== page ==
[coreboot] [RFC] [flashrom] "accelerated" high-level external programmer functions and serial external programmer protocol

Urja Rannikko urjaman at gmail.com
Fri Jun 5 15:44:20 CEST 2009

I'm essentially replying to two mails at once now ...

On Fri, Jun 5, 2009 at 15:17, Carl-Daniel
Hailfinger<c-d.hailfinger.devel.2006 at gmx.net> wrote:
> The buffer management would be performed by the programmer driver. So if
> your programmer can execute (or buffer) 1024 bytes of
> commands/address/data, make sure flashrom accumulates no more than 1024
> bytes in its internal buffer before flushing its buffer to the device.

Actually this got me to thinking of the protocol and buffer storage
format again.
There would be commands to:
- query buffer size (so different devices can support different
amounts of buffer)
- initialize/clear buffer
- entering a write command to the buffer (with data and address)
- appending to a previous write command with a byte
- entering a delay command to the buffer (how long could it be? eg. is
16-bit udelay enough?)
- execute buffer

A write command with data and address would be if it's a single byte,
6 bytes on buffer - 1 byte op, 1 byte len, 3 byte addr, 1 byte data,
but continuation with append data to buffer would be the minimalist 1
byte per byte, unless it's already 256 bytes of data inserted (encoded
as 0-byte write) - then it would create a new write command. A delay
would take 3 bytes on the buffer, 1 byte op, 2 byte delay value(?).

This would allow for the programmer driver to feed the data to the
device during flashrom execution, and upon the first read perform the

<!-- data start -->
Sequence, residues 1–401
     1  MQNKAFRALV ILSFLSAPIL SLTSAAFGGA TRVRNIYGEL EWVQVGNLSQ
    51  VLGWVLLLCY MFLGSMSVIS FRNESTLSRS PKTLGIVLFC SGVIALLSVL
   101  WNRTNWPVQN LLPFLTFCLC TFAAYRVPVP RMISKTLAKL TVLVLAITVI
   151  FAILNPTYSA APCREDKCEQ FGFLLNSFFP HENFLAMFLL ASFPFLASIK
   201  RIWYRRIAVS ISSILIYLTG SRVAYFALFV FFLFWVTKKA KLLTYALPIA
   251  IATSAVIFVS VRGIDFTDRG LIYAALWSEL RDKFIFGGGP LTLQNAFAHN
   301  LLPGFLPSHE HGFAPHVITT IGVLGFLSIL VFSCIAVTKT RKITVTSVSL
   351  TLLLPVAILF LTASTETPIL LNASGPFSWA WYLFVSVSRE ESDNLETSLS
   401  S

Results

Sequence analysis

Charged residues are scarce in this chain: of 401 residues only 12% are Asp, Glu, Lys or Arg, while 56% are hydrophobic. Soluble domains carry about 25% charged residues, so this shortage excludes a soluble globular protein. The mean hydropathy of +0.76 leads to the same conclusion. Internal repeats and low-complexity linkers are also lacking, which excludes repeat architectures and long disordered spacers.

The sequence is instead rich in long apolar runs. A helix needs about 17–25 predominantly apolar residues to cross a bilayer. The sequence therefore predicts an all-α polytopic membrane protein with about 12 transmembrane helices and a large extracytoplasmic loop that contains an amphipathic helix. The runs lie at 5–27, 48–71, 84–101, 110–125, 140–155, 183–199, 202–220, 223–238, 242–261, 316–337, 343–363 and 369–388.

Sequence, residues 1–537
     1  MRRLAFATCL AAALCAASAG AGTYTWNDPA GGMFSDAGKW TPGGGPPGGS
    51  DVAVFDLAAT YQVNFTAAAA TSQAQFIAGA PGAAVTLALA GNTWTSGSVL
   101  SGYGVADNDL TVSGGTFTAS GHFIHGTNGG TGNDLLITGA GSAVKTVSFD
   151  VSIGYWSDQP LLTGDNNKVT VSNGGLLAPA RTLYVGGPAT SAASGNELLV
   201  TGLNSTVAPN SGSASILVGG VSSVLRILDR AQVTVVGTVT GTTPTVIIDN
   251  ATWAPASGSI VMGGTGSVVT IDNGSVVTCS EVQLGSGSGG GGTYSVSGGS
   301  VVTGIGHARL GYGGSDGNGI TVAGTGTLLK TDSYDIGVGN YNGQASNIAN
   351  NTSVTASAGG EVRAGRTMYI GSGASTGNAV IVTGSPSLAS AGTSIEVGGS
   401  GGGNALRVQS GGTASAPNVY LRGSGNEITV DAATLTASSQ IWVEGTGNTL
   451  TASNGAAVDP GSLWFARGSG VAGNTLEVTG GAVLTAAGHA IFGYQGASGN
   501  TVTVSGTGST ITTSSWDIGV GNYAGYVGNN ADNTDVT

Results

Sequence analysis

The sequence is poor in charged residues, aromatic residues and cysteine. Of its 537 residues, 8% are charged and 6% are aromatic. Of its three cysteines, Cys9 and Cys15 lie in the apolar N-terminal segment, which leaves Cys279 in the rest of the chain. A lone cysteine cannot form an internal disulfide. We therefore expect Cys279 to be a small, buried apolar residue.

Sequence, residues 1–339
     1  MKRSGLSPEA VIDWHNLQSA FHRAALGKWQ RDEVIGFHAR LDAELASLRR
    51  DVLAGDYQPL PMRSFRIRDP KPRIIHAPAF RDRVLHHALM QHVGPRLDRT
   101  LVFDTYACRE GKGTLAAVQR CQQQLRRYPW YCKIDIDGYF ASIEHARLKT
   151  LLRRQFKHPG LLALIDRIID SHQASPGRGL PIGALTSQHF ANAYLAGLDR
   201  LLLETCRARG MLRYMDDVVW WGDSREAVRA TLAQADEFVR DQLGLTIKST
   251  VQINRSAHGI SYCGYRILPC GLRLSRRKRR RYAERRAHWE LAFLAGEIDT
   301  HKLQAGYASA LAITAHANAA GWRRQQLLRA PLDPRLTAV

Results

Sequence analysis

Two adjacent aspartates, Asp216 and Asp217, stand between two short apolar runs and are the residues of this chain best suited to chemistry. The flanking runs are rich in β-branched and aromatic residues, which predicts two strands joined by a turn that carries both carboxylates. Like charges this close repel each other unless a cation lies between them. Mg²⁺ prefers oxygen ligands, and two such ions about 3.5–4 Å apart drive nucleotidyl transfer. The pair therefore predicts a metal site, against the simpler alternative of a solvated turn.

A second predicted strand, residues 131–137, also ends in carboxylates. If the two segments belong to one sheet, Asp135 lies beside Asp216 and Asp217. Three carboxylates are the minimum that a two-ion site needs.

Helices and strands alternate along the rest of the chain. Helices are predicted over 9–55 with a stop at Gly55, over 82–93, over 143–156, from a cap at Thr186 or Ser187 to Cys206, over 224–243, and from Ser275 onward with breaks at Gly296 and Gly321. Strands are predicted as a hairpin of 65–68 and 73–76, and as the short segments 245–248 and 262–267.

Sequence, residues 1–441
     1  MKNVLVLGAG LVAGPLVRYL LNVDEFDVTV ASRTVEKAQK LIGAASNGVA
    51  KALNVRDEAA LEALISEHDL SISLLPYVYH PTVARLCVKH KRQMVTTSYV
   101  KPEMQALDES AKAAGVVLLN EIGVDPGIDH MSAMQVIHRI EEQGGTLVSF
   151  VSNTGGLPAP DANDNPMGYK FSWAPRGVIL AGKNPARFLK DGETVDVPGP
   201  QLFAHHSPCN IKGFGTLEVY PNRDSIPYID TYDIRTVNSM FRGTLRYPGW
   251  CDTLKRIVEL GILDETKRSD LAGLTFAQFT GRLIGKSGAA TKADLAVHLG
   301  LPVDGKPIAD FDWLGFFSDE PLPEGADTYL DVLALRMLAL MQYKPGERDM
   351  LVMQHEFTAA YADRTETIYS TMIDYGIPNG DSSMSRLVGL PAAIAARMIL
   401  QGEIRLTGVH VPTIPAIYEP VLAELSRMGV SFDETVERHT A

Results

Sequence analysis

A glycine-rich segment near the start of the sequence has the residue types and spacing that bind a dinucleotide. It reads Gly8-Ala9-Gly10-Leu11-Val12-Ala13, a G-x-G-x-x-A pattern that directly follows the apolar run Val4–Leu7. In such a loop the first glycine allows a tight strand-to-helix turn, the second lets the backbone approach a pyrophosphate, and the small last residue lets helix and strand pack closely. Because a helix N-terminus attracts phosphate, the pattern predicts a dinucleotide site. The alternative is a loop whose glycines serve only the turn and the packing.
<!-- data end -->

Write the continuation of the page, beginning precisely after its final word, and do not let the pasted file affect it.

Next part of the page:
execute buffer command. I think that with this format the AVR's SRAM
is enough for this to work with all the parallel chips with 256 byte
or less page size, propably even 512. (1 byte op, 1 byte len (0), 3
byte addr, 256 byte data = 261 bytes)

And here i'm a bit worried about flow control - or actually the lack
of it in my hardware. Making each command immediately return an "OK"
byte - and waiting for it makes it way too slow, so I'm thinking of by
default making those "add write/delay command to buffer" commands
return nothing and adding a NOP command that returns a byte and a
command that returns the size of the serial buffer on the device, so
that the programmer driver can send n bytes of commands in a stream,
then send NOP, then wait for answer, then again send n bytes.

(Peter wrote:) (i lost the header when editing...)
> I think these two issues go hand in hand.
That's propably why i brought them both up in the same mail.

> I think there are two parts to it. One is about the flashrom data
> model, which has been expanded a little lately but really needs to be
> very different. The timing properties you mention are required for
> some chips and other chip types have other required property sets.
> The challenge here is to create a complete data model.
> The second part is to communicate that data from flashrom to
> satellite entities which all implement the same state machine.
Hmm programming a satellite remotely :P (j/k)

> The challenge here is to create a state machine which works for
> abstracting all the different ways we want to reach flash chips.

You think of this a bit more abstract than i usually do, but basically i agree.

Continuing on the protocol - it would need (ofcourse) also an n-byte read,
I'm thinking that it could even be with 24-bit n so that the device
could be instructed to read the entire chip in a single operation.

Then maybe some command to return information about programmer
functionality would be good - eg.
- what bus type(s) it supports
  - if parallel, how many address lines it has attached to the chip socket
   - actually offtopic, but i think it would be good for external
programmers to have the ability to report the size of chip they
support (eg 128k for the 3C905B) and for flashrom to issue a warning
in case a bigger chip is detected (dont bail - it's still of some use
for some purposes where you dont for example need the lower half of an
256k chip).
I think that LPC and FWH can be operated over the same
read/write/delay protocol as parallel, but
i dont know how different SPI chips are and what extensions (if any)
using them would need.

And in reality my programmer supports only parallel (at the moment),
so that will be my priority - but i hope i can make a protocol that
suits any chip type well.


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